“I just love music more than I love anything else in the world. It gives me a sense of self worth I’ve never gotten from anything else..” Sydney sprague
We sat down with US artist Sydney Sprague following the release of her highly anticipated album “maybe I will see you at the end of the world”. The artist humbly admitting that she did not originally intentionally choose a career in music. She has been writing songs as long as she can remember, and points to her first gig (an open mic at a coffee shop called Mama Java’s), which culminated from a bribe of $10 from none other than her parents to get up on stage. 13 at the time, the artist highlights how it has taken a long time to get comfortable and sharing her songs with other people. A point she freely opens up to still struggling with.
Having released a great deal of EPs and singles over the years; and drawing inspiration from her personal life, combined with all of her anxiety and worries about the state of the world. Sprague points to her latest album as the first time her production has showcased sounds the way she imagined her music sounding when she first set out. “I really love it, which as a hyper-critical person is a huge feat. All of my past experiences recording and making songs definitely led me to being more prepared to make this record”. Learning to communicate her ideas has taking a long time, she points out. However, she believes she has finally figured it out and the result is an album that the artist is immensely proud of.
Sprague describes her music as vulnerable indie/alternative rock. The artist pointing to mixture of sad, mellow songs and upbeat big electric guitar bops which make her sound stand out, and far more so than previous releases. “Writing is super personal for me, and I really don’t hold anything back so it can be almost a little awkward to put this stuff out into the world. The fact that there are people that listen and go – oh my god, I’m going through the same thing, is what makes me feel less alone in the world”.
Sprague attributes 100% of her success to the small group of people she is surrounded by. With special reference to her parents, who never miss a show, and where without that original bribe at the age of 13, she would not be standing where she is today!I In addition to Danielle Durack and Chuck Morriss III (producer), who Sprague points out inspired her allowing the artist to realize how much is actually possible if you just go for it. She does point out how there are always going to be critics who are way more tough than they need to be. Taking a mature view that not everyone is going to be drawn to you, and respecting the reality of being in an industry where everyone has an opinion.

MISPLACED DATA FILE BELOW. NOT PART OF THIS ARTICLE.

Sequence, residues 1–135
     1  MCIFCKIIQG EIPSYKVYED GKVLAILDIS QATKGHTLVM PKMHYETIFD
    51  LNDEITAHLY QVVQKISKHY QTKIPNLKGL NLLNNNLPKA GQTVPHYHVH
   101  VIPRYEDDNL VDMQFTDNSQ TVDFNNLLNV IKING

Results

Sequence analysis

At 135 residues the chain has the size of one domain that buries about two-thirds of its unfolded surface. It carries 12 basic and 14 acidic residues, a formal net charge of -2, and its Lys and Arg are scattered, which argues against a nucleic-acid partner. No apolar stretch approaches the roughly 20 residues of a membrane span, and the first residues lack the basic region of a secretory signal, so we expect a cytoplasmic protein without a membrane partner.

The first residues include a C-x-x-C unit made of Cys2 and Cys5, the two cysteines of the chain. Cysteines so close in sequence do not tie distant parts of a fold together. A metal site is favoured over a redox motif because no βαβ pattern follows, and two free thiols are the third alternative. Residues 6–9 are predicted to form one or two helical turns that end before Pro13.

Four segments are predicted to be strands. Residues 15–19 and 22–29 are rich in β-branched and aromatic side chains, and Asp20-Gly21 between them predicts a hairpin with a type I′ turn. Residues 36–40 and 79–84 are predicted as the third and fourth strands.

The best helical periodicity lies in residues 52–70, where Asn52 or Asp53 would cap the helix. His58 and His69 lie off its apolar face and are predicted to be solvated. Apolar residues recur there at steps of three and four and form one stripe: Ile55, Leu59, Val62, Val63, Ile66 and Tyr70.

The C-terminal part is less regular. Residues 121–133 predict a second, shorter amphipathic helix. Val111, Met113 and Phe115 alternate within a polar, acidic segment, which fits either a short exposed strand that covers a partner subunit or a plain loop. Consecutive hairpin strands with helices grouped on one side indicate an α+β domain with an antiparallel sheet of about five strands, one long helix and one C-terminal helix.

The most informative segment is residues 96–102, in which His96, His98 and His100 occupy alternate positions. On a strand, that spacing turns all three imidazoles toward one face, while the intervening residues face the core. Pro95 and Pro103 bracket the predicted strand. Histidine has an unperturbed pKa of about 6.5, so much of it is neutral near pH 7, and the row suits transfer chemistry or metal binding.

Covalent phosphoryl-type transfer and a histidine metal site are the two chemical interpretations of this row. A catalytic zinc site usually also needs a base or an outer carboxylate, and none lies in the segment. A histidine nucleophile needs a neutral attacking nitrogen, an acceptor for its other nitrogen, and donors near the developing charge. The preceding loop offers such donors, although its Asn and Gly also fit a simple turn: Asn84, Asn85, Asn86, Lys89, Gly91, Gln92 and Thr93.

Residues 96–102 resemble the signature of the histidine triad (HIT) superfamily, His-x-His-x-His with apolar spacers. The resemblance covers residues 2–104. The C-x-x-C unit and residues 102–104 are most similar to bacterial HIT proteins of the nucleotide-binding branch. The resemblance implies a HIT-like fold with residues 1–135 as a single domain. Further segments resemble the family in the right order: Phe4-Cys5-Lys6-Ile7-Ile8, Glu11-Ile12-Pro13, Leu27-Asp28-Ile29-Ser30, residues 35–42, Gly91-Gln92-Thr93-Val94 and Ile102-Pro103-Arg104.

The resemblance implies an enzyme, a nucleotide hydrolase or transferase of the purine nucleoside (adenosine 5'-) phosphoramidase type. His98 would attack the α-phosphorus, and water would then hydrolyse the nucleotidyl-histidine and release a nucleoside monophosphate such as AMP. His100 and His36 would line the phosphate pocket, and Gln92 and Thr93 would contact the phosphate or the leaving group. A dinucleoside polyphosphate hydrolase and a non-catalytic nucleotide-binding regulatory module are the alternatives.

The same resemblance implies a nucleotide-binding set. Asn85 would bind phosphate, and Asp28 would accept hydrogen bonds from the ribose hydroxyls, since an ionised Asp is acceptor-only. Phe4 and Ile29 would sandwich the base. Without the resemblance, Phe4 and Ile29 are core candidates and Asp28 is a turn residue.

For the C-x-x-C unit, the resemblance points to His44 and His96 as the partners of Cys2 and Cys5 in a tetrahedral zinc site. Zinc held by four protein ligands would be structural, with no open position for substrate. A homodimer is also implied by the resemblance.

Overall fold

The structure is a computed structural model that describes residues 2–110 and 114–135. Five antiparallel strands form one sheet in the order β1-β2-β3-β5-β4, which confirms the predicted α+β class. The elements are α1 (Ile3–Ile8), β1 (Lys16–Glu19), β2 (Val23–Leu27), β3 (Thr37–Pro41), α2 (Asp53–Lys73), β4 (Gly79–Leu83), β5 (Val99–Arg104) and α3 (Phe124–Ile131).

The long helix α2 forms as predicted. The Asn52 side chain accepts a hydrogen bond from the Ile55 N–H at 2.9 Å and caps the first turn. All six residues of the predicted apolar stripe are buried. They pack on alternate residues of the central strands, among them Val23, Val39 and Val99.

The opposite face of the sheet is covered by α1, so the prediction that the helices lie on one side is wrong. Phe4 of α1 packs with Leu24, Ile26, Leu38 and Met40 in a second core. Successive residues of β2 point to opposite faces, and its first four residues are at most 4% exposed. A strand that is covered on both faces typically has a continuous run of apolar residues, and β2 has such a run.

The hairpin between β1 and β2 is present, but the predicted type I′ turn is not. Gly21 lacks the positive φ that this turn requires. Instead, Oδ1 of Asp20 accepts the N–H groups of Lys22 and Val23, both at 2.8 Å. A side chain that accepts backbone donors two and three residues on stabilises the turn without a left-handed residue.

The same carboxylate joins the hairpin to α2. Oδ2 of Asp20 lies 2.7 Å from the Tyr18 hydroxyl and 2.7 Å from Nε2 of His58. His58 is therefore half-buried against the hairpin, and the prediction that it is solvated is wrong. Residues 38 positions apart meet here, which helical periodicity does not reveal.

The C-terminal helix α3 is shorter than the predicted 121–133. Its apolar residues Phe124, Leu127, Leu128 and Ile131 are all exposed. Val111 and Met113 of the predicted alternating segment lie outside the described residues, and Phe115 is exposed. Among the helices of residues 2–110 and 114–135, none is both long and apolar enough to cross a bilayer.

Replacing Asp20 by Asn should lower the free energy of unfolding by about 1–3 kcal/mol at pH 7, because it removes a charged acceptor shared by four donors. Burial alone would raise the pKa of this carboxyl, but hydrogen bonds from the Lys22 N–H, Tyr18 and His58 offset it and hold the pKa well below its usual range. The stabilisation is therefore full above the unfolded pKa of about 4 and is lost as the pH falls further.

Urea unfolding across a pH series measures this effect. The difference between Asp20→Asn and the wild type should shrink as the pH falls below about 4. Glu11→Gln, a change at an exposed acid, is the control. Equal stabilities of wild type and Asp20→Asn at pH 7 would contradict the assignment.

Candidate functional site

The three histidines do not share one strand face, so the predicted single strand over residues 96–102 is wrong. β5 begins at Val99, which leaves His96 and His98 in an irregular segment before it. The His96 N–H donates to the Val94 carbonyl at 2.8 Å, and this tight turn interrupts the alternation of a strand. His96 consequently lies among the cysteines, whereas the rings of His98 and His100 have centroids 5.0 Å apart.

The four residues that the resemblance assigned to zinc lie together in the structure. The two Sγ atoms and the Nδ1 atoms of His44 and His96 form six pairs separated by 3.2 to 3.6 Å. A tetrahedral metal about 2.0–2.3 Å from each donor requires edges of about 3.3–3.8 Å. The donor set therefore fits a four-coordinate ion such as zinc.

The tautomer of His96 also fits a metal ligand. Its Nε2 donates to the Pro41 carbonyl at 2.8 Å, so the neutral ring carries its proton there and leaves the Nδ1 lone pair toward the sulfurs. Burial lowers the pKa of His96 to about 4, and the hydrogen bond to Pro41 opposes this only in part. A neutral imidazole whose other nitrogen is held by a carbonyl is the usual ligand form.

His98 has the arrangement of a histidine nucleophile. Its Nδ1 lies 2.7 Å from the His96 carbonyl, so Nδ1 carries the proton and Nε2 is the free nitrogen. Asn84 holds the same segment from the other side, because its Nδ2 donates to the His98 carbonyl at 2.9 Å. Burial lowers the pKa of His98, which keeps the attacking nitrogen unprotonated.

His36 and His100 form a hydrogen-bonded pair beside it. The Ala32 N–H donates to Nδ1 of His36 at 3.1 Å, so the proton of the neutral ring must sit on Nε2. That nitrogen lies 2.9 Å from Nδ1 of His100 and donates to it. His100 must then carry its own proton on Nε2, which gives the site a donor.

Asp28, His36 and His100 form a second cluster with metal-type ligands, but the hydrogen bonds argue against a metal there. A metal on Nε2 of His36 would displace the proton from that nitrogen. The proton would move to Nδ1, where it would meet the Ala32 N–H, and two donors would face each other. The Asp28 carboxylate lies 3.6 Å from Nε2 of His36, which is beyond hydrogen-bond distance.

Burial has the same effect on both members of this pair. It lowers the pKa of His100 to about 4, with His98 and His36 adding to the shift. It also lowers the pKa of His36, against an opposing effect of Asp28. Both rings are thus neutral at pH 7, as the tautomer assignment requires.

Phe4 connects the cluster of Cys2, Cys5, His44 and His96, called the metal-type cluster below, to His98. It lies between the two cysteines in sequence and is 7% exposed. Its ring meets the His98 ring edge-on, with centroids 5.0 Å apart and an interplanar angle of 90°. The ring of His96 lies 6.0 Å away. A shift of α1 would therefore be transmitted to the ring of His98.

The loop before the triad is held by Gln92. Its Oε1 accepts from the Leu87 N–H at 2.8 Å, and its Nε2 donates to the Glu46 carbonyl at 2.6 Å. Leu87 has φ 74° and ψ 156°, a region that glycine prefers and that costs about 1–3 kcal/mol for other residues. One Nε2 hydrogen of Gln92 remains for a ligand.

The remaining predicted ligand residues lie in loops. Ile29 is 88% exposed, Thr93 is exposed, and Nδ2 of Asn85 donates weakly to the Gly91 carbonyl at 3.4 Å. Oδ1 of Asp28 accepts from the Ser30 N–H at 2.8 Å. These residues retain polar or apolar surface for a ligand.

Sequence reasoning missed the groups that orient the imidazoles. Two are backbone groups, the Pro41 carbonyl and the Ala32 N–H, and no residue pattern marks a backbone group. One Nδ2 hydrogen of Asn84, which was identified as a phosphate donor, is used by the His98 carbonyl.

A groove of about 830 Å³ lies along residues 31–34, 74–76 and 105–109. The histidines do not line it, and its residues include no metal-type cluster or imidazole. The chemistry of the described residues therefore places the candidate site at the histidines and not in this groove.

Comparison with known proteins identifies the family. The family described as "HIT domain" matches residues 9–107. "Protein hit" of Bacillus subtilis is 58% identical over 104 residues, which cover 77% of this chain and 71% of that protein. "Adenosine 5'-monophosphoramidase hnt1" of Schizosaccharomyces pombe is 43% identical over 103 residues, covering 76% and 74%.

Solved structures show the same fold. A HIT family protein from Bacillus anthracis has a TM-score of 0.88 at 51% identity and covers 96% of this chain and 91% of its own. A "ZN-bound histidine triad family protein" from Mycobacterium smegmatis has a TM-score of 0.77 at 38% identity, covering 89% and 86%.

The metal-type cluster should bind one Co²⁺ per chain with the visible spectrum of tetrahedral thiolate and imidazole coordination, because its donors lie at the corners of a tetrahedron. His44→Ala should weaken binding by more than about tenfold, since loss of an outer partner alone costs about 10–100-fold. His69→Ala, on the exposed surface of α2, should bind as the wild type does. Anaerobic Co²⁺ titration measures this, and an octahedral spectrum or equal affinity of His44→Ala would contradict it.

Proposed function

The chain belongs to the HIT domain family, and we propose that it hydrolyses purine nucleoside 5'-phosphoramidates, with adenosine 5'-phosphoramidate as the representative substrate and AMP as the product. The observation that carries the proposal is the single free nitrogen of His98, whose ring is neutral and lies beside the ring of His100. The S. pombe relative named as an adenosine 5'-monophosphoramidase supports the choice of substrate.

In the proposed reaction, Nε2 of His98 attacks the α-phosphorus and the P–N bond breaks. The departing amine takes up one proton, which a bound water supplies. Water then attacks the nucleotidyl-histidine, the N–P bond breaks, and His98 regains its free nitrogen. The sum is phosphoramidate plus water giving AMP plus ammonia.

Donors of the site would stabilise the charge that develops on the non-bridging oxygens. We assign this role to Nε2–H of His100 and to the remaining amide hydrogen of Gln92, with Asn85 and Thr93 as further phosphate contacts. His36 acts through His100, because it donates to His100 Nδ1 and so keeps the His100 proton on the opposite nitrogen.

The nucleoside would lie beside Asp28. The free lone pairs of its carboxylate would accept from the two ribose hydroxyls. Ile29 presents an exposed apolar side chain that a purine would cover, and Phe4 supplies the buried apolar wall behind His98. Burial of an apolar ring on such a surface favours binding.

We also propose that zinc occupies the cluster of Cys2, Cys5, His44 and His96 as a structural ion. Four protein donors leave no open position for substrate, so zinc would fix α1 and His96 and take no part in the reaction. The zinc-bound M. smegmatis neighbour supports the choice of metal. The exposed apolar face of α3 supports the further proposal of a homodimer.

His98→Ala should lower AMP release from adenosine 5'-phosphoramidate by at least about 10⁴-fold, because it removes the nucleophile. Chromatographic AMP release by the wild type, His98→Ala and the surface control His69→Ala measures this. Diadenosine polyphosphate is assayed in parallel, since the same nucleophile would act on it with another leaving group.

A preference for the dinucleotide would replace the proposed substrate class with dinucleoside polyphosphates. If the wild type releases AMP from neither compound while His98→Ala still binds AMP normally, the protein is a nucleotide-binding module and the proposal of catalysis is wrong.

She opens up about struggling with depression and anxiety since her teenage years. Something she feels lies at the heart of what led her to writing songs in the first place. “It’s always been my outlet for dealing with it, and I’m not sure if I’ll ever fully overcome it because it’s just a part of who I am. It comes in phases, and I’ve become better at managing it when it does get bad”. The most important takeaway the artist has learnt through her journey (none more so than in 2020), is to be gentle with the expectations she places on herself and to do things she loves (like writing, cooking, taking long naps with my cat) when experiencing an episode.
When it comes to the building a network, Sprague explains how it took ten years to find the right collaborators and producers for her sound. “It’s so common to not have your ideas taken seriously, so working with people who are on the same page/have similar taste is so important”. Whilst it has taking a long time to find those people, the prize is worth it!
The artist remembers her father telling her that “success is a journey”. Something she openly admits to rolling her eyes to at the time, but wishes she had taken his words to heart sooner, as it is absolutely true. Sprague points to her biggest challenge through her journey was finding motivation and keeping herself on track. “Getting around my own insecurities while also trying to balance a personal life/making a living and getting the bills paid/pursuing a music career is a lot. I wasted a lot of time in my late teens/early 20’s and it took some time to grow out of that.”
Sprague is current working on a host of new material and music videos for her album release, and looking forward to releasing plenty of new songs for her fans this year! #watchthisspace